Tasmania from its best - PART 2/3

Finally, I found some time to continue with my blog and tell you what happened the remaining days in Tasmania. On the second day, we went among others to one of the most popular beaches in Tasmania. For that we had to hike a lot and in the end of the day we saw Tasmanian devils and fed roos!

On Monday morning, we had to leave our backpackers hostel at 7.30am because we had a very dense program to go. Luckily, the sun smiled at us as soon as we stepped out of the house and hit the road. We drove about ten minutes until we reached the Bicheno Foreshore Footway at the coast. We were surprised by very cool stone formations and something like a blowhole. The whole group was walking along the rocks as suddenly water from the sea splashed up! This was really fun! When I was a little bored, I played with some shots from the blow hole and cut low a short video for fun. (It is really nothing special haha I just had no idea what else to do!!)

From there, we drove about one hour southwards to the Freycinet National Park. First, we stopped at a lovely place at the Freycinet Commonwealth Marine Reserve. There was deep blue water and orange stones. This contrast was amazing! The reserve begins about 5 kms from the coastline and continues 370 kms offshore. This marine reserve is almost the size of Tassie! Beneath the dark blue veil should be a world of sponge gardens and coral reefs, much fish and other species found nowhere else in the world.

We continued our drive and arrived at the carpark of the Freycinet Peninsula whence we started a wonderful walk. Okay it was a very exhausting walk. A hike. An exhausting hike! Hhoooolyy, I've never sweated as much as I did there... Anyway, Mona and I didn't expect that when we decided to go for the 6 kms Walk to the Wineglass Bay Lookout, to the Beach and everything back again. At the start we already met a cute wallaby greeting all the hikers. After a 45-minute-ascent, about approximate 500 steps (made of rocks, very rough) and 200 meters above sea level, we reached the Wineglass Bay lookout. Ace!!! This was THE ultimate view and worth the climb.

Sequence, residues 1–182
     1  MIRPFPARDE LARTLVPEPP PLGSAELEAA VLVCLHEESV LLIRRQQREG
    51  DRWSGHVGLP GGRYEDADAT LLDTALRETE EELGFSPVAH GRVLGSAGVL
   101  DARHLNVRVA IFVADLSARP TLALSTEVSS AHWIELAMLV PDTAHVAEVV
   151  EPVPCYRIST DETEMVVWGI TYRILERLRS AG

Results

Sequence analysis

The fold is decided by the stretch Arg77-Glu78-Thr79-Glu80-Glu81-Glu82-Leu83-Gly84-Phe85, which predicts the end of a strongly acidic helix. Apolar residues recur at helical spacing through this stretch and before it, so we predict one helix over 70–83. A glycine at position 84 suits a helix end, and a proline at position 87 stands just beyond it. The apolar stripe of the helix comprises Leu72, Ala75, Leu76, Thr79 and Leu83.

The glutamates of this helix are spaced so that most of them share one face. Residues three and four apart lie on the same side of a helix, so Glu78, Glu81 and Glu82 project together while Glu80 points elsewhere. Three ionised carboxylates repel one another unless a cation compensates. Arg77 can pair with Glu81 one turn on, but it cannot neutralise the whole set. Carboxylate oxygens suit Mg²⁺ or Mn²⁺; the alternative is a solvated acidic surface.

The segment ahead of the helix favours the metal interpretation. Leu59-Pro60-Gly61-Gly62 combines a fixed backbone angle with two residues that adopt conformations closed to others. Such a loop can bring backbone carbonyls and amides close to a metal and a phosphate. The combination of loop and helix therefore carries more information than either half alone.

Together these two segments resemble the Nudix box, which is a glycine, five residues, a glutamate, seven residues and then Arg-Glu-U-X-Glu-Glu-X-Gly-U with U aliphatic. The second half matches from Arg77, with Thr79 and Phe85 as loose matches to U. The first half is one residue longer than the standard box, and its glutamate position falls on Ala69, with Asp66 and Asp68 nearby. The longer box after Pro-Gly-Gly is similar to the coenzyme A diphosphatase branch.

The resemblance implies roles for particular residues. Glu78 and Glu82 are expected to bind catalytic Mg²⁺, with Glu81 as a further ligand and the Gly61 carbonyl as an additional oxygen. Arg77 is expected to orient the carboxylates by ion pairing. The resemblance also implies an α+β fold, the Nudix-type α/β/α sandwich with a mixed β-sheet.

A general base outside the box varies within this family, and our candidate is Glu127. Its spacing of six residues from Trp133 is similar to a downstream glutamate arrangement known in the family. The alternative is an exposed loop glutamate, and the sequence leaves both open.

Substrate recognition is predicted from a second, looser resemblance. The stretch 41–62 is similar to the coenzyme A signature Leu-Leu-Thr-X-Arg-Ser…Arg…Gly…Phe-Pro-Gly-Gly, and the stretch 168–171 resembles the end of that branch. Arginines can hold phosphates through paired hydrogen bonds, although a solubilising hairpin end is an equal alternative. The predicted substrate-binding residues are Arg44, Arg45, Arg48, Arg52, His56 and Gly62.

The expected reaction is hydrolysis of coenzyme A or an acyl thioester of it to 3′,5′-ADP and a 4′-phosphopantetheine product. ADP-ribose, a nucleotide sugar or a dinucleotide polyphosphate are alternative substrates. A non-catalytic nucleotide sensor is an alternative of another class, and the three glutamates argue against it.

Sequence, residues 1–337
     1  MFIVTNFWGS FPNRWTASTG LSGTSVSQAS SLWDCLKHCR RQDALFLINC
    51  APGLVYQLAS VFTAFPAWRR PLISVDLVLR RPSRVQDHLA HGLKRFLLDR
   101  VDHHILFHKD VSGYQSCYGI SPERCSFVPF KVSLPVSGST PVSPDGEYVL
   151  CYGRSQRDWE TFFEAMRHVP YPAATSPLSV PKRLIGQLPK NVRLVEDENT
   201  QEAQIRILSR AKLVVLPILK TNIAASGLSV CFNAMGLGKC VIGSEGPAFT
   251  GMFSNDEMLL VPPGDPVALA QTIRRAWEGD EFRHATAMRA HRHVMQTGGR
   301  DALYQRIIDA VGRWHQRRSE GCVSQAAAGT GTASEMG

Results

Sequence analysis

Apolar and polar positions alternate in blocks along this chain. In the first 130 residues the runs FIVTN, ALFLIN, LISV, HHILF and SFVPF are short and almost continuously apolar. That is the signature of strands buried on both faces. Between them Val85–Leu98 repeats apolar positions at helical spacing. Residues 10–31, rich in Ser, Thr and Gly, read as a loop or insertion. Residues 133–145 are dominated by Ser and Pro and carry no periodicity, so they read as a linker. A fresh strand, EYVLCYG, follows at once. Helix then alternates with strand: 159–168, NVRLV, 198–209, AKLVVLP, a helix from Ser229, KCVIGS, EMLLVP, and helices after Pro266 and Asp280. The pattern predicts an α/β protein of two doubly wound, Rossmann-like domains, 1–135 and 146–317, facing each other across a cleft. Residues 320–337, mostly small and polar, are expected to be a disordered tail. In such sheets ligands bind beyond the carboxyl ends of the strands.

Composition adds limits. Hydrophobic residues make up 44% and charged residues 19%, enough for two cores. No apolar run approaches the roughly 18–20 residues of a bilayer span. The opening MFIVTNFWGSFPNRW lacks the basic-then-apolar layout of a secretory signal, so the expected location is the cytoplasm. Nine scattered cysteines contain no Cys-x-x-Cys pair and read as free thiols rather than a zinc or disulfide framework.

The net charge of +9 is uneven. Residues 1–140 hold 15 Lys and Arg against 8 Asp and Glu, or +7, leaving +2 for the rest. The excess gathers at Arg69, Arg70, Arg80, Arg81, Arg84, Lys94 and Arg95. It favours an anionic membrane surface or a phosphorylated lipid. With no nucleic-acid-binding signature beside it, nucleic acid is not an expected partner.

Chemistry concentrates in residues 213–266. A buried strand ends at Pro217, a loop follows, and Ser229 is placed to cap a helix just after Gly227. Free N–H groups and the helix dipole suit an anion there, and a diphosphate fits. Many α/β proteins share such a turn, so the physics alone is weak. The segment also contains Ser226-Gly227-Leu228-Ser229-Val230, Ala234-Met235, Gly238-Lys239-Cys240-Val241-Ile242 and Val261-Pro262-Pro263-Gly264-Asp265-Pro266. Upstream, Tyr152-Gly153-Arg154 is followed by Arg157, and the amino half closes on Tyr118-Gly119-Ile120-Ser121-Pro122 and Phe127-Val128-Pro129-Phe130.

We enjoyed the sight for a couple of minutes and then continued with the decent to the Wineglass Bay. Okay this was even more exhausting than the ascent. It took us about half an hour until we reached the beach. Mona and I were the only ones there with some sea gulls. The solitude was great! We felt like lost on an unknown island. Later, some people of our group reached the bay, too. There are some interesting stories about the Wineglass Bay that happened in the past. The crystal clear, turquoise water of Wineglass Bay once ran red with the blood of slaughtered whales. Shore based whaling stations were scattered around the Peninsula in the 19th century. Unbelievable.. So, we asked us why this beach is called Wineglass Bay.. Well, people don't know either. Is the water as clear as a wineglass, or is the bay shaped like a wineglass? Or was the water once wine-red with the blood of the slaughtered whales? It is an open question..

After a wonderful short rest, we started our way back over the rocky hill. Have I already mentioned that it was bloody exhausting?... Haha I guess people on the other side of the hill were able to hear us breathing like hippos while we were climbing up. We were so happy as we finally reached the top of the hill and only had to descend again to the carpark.

Then, we had a long bus drive southwards. We stopped one or two times at some beaches and then arrived at the Bonorong Wildlife Sanctuary. There, we were able to see some of the local animals of Tasmania such as for example kangaroos, wombats, parrots and of course tasmanian devils. We first visited Tina the wombat! She's now one year old and really cute. But when she grows, she'll reach more than 20 kgs! And not just that, she'll be very aggressive and dangerous! I'd never thought that.. Wombats also have something like a shield on their bum to protect themselves while curling up to shelter their heads. Next, we visited the tasmanian devils (see the video down below)! This was really amazing as we were able to observe how they got their dinner! Many people think that those devils were very dangerous which is not really true. First, they're named by the British people who heard the scary noises of those animals and thought it must be the devil. I can imagine that as people saw them, they thought that the red ears looked like a devil's horns?! Maybe.. Then, the tasmanian devils are night active and have a very small brain. They are really stupid actually. They eat carrion from the streets. But they don't think about bringing their food to a save place, no. They prefer to be ran over by another car.. When tasmanian devils see humans, they either pretend to be dead or they try to run away...

Afterwards, we fed kangaroos! This was really fun! Everyone got a bag filled with kangaroo food. But we had to pay attention because very often the roos (and they were big/tall!!) tried to jump onto us as soon as they smelled the food. We saw some kangaroos with joeys in their pouches as well! In the end, we tried to talk to Fred the parrot. It took us about five minutes silly talking until he finally said "Whatcha doing mate!?". Funny thing...

Very stoked, we left Bonorong and headed towards Hobart where I unfortunately had to say goodbye to Mona. I stayed one more night with the group. We slept at the YHA hostel in Hobart. This was the first very relaxing and good sleep for a long time. But! The next surprise already awaited me the following morning.. 

Check out my pictures of the second tour-day from along the east-coast!